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BSI Kitemark charge is ‘just tip of the iceberg’

Bodyshops have been left angry and downbeat after the BSI announced substantial annual fees for the industry’s PAS 125 standard and Kitemark, to be officially launched next month.

BSI Product Services, which administers the Kitemark, has set the joining fee at £2,450, which includes two days initial assessment, mystery shop and the licence to display the Kitemark.

This is followed by an annual renewal of £2,500, which covers two mystery shops and continued use of the licence. BSI offers a direct debit payment plan to help bodyshops manage the cost.

AM has learned that BSI initially wanted to charge £5,000 and assess bodyshops for four days but was negotiated down by development partner Thatcham, which feared such high fees would kill the initiative.

Nevertheless, Tony Lowe of Impact Repair Centres, which participated in the PAS 125 pilot audit, told AM he expects to have to spend another £30,000 training his staff to its requirements.

“The fees are just the tip of the iceberg. Many repairers will have to spend a large amount of money to fill the huge training gap caused by lack of investment in this industry. We’ve reached a point where we have to invest and catch up,” he says.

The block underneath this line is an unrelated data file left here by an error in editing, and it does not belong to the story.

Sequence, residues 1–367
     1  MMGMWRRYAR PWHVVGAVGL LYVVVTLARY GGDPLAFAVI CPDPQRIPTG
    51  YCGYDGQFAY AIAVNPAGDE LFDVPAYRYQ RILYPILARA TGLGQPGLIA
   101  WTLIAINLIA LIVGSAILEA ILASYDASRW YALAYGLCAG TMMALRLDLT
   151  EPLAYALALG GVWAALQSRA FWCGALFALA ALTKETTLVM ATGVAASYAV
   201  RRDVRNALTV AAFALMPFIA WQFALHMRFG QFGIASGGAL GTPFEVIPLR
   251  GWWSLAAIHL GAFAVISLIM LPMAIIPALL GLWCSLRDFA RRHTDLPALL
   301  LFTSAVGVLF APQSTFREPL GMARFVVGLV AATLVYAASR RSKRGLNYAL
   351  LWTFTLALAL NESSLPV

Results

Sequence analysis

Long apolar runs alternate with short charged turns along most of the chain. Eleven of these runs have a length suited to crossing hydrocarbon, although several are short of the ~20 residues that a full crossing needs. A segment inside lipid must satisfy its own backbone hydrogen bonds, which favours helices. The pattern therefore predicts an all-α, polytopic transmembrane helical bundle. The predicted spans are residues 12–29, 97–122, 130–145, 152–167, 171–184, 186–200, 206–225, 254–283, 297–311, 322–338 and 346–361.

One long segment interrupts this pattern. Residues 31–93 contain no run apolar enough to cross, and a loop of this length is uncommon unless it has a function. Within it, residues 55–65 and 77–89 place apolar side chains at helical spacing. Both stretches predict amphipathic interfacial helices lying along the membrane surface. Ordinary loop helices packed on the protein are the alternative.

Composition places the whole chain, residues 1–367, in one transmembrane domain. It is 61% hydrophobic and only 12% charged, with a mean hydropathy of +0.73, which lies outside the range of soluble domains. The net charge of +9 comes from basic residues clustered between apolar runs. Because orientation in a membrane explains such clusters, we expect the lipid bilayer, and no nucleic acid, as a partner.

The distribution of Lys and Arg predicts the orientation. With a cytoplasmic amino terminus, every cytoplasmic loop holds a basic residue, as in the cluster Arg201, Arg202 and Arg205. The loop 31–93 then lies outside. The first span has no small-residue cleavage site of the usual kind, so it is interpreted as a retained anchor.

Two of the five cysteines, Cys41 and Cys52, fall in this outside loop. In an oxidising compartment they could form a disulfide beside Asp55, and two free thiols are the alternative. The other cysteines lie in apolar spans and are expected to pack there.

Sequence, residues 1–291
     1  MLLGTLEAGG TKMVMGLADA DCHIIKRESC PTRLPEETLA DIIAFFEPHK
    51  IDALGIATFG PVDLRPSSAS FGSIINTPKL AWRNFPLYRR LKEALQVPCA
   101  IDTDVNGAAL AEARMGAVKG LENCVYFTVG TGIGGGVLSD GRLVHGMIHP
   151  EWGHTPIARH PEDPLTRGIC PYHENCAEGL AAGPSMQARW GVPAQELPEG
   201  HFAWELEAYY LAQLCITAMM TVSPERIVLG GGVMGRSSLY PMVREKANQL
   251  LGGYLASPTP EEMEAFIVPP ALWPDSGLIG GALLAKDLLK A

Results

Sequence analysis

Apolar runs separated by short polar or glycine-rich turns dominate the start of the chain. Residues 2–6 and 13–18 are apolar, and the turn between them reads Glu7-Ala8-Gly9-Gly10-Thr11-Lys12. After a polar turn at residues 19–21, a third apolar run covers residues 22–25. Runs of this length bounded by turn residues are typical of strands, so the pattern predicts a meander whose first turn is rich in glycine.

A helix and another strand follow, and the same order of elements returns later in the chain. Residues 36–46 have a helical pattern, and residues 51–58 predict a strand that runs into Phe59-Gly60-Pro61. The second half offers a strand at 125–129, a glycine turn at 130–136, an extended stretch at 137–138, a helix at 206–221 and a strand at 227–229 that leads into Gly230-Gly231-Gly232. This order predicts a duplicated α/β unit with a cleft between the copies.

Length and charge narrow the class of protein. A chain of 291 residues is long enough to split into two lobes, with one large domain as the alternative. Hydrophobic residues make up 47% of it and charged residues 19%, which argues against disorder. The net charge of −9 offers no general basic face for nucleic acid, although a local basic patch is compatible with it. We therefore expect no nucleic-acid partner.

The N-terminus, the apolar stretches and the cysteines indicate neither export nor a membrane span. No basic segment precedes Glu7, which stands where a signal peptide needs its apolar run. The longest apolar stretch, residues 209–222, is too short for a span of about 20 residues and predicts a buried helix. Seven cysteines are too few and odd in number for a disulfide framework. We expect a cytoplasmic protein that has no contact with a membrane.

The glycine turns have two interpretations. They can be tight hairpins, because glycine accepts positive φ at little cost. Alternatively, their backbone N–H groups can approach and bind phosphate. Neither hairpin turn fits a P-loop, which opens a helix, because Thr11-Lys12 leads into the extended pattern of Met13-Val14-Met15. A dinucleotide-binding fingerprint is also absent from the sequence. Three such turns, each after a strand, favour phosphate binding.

It appears the fees have been announced without discussion with all the partners involved in formulating the PAS 125 standard. David Cresswell, chairman of the ABP Club, says the PAS 125 Working Group was due to meet with the BSI on the morning of the announcement to discuss fees.

Cresswell adds: “There appears to have been no consultation or discussion with the working group. Who has decided the price and ongoing compliance costs? The price is much higher than we had been led to believe.”

The ABP Club wants a single standard that removes the duplicated cost and confusion in the accident repair market, and wants to pressure the BSI into reconsidering the costs.

Robert Hadfield, of Auto Body Projects, says dozens of repairers he has spoken with complain the costs are excessive. “They agree with the basic cost of attaining and policing the standard but are unhappy about the cost of the Kitemark licence which, they say, is unnecessary.”

Another repairer told AM: “I understand that a commercial cost will need to be absorbed by our business to implement PAS 125 and have no issue with that premise, but £2,500 year-on-year is not acceptable to our market.”

If BSI fails to reconsider pricing, Hadfield suggests that PAS 125 could be taken up by the Association of British Insurers, with Thatcham left to administer it.

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